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PYRIDOXINE TABLETS BP 20MG

Active substance(s): PYRIDOXINE HYDROCHLORIDE

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Patient Information Leaflet
Pyridoxine Tablets BP
10 mg, 20 mg and 50 mg
Please read this leaflet carefully before you start to take your tablets.
It contains important information.
If you are not sure about anything, or you want to know more, ask your doctor or a
pharmacist.
Keep this leaflet safe, as you may want to read it again.
1. About your tablets
Your tablets are called Pyridoxine Tablets BP 10mg, 20mg and 50mg.
They are part of a group of drugs known as vitamins.
2. What is in your tablets
Each Pyridoxine Tablets BP 10mg contains Pyridoxine Hydrochloride 10 milligrams
(mg). Each Pyridoxine Tablets BP 20mg contains Pyridoxine Hydrochloride 20
milligrams (mg) and each Pyridoxine Tablets BP 50mg contains Pyridoxine
Hydrochloride 50 milligrams (mg).
Each tablet also contains lactose, maize starch, microcrystalline cellulose, talc and
magnesium stearate (inactive ingredients).
Pyridoxine Tablets BP 10 mg are white
(Diagram to be included)
Pyridoxine Tablets BP 20 mg are white
(Diagram to be included)
Pyridoxine Tablets BP 50 mg are white
(Diagram to be included)
They come in packs of 250 and 500.

3. Who makes your tablets
Your tablets are made by Norton Waterford, IDA Industrial Estate, Waterford, Ireland
and Medeva Pharma Ltd, Vale of Bardsley, Ashton-under Lyne, Lancashire, UK.
The marketing authorisation holder is Teva UK Limited, Eastbourne, BN22 9AG.
4. What your tablets do
Pyridoxine Tablets are used in the treatment of vitamin deficiency, anaemia and to
prevent and treat inflammation of the nerves caused by treatment with the drug
isoniazid.
5. Before you take your tablets
Please tell your doctor before you start to take your tablets if you:


are pregnant, may become pregnant or are breast-feeding;



have ever had a bad reaction to any of the ingredients listed in the 'What is in your
tablets’ section;



have an intolerance to some sugars e.g. lactose



are taking phenobarbitone or phenytoin for the treatment of epilepsy;



are taking levodopa to treat Parkinson’s disease;



are taking oral contraceptives, isoniazids (to treat tuberculosis), hydralazines (to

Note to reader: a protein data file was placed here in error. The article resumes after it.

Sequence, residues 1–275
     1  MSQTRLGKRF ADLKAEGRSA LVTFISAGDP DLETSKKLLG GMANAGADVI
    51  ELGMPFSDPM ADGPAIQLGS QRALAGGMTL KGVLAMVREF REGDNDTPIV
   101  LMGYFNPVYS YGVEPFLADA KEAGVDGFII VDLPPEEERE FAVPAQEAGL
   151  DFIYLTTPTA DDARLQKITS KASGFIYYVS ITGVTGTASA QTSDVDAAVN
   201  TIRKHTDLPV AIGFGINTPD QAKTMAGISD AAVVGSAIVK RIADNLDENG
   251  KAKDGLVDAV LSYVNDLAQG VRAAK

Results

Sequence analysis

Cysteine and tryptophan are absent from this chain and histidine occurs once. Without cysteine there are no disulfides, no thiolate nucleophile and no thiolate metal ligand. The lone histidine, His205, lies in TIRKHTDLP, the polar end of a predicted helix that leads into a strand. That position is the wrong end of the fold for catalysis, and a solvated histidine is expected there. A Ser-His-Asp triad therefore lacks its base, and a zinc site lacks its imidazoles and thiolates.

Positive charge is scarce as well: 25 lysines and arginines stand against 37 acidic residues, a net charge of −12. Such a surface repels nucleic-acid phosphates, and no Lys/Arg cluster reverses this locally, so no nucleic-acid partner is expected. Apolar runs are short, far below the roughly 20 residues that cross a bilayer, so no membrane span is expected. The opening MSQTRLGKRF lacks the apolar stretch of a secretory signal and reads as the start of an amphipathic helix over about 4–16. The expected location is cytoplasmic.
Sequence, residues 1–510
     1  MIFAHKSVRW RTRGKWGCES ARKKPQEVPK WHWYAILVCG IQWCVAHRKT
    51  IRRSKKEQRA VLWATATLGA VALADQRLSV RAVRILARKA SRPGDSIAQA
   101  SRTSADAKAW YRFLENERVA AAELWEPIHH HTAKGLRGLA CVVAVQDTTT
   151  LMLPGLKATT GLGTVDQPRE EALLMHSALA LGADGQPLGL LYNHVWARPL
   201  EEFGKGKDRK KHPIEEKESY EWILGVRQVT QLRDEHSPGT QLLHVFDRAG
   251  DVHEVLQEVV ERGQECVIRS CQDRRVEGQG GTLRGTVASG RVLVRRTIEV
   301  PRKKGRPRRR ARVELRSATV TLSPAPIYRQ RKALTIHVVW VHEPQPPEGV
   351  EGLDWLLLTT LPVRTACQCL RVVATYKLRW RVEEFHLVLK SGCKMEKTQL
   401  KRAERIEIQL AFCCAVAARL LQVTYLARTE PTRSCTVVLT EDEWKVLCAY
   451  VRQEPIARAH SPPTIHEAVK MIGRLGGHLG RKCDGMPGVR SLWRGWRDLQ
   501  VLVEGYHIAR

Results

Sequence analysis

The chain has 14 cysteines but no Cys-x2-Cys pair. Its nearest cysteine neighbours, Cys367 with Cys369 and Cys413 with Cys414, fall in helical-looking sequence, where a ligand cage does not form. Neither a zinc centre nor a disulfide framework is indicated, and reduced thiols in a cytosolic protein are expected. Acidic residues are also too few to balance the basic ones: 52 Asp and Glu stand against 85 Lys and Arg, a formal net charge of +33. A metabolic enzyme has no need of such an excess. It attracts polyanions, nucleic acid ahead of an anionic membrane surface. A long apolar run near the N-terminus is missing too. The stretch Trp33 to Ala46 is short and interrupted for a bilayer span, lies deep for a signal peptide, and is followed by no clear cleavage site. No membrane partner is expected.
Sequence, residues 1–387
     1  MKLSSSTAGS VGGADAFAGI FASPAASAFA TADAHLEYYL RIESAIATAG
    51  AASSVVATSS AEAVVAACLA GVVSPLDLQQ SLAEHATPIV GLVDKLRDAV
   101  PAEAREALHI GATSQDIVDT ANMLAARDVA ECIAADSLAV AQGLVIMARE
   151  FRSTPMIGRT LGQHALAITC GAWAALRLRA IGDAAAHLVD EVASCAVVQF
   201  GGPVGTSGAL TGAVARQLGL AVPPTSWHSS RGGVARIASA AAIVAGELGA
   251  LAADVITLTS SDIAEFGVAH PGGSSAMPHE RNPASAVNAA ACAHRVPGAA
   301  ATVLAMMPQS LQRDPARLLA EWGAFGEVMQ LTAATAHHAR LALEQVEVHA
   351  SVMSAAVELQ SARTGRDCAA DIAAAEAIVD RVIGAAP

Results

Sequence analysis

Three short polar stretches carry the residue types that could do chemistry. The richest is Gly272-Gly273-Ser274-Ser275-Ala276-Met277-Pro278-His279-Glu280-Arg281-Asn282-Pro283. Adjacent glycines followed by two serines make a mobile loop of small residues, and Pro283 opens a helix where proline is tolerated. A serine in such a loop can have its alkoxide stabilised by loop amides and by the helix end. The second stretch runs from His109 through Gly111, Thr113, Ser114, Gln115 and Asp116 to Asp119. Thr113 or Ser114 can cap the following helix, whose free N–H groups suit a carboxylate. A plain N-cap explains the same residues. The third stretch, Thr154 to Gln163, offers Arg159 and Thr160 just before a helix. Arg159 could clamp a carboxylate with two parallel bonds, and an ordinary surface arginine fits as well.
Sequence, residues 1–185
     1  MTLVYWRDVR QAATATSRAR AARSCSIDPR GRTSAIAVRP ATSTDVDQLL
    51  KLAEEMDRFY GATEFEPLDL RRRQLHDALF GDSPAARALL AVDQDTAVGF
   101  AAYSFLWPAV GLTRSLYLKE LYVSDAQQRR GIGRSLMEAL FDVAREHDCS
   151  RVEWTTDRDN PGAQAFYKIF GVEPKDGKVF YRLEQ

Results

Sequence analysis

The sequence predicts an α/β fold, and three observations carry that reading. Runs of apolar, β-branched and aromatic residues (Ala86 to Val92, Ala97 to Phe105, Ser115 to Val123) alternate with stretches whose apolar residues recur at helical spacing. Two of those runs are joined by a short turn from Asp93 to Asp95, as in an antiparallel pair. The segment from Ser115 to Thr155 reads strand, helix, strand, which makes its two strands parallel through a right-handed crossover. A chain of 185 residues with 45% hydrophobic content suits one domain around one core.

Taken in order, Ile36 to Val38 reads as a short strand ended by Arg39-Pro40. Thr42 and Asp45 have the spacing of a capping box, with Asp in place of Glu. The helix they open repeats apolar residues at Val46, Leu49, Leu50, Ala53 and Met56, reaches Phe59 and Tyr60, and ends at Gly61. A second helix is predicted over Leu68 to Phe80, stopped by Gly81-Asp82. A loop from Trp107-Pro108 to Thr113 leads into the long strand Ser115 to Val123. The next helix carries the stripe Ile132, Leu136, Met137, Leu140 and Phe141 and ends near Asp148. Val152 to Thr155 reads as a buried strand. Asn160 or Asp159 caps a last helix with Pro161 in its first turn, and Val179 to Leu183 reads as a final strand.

lower your blood pressure) and penicilliamines (to treat metal poisoning). If you are
not sure speak to your doctor or pharmacist.

If you see another doctor or visit a hospital, remember to tell them what medicines
you are already taking.
6. How to take your tablets
You must take your tablets as your doctor has told you to. The label will tell you how
many to take and how often to take them. The number of tablets you take is called the
'dose'. The most common adult dose including the elderly for these tablets, for the
treatment of vitamin deficiency is between 20 and 50 mg three times a day.

For prevention of inflammation of the nerves the usual dose is 10 mg daily. To treat
inflammation of the nerves, up to 50 mg three times a day may be given. When used to
treat anaemia, 100-400 mg a day may be given, split up into smaller doses.
Children may be given Pyridoxine Tablets to treat vitamin deficiency. Your doctor will
work out the dose depending on your childs weight. The usual dose is 4 milligrams for
each kilogram (kg) of body weight.
For oral use.
Swallow the tablets whole with a little water.
If you forget to take a dose at the right time, take it as soon as you remember. Do not
take two doses together. If it is almost time to take the next dose, wait until then and then
carry on as before.
7. What to do if you take too many tablets
It is important not to take too many tablets.
Contact your nearest hospital casualty department or a doctor for advice if you have
swallowed too many tablets or if you think a child has accidentally swallowed any.
Take this leaflet, and any tablets that you still have to show the doctor.
8. After taking your tablets
You may have some side effects while you are taking your tablets.
Tell your doctor if you suffer from any of the following for more than a few days.
• Headache
• In rare cases, if Pyridoxine tablets are taken in large doses over a period of time, it
may lead to numbness and weakness.
If you feel unwell in any other way, tell your doctor as soon as you can.

9. Looking after your tablets
Keep your tablets in a safe place where children cannot see or reach them.
You should keep your tablets below 30°C protected from light.
Keep them in the pack they came in. Do not put them into another container.

Do not take the tablets after the 'use by' date shown on the label.
You should take any tablets that are out of date or which you no longer need back to
your pharmacist.
This information applies only to Pyridoxine Tablets BP 10 mg, 20 mg and 50 mg.
PL Number 00289/1807-8
This leaflet was updated in October 2012.

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Source: Medicines and Healthcare Products Regulatory Agency

Disclaimer: Every effort has been made to ensure that the information provided here is accurate, up-to-date and complete, but no guarantee is made to that effect. Drug information contained herein may be time sensitive. This information has been compiled for use by healthcare practitioners and consumers in the United States. The absence of a warning for a given drug or combination thereof in no way should be construed to indicate that the drug or combination is safe, effective or appropriate for any given patient. If you have questions about the substances you are taking, check with your doctor, nurse or pharmacist.

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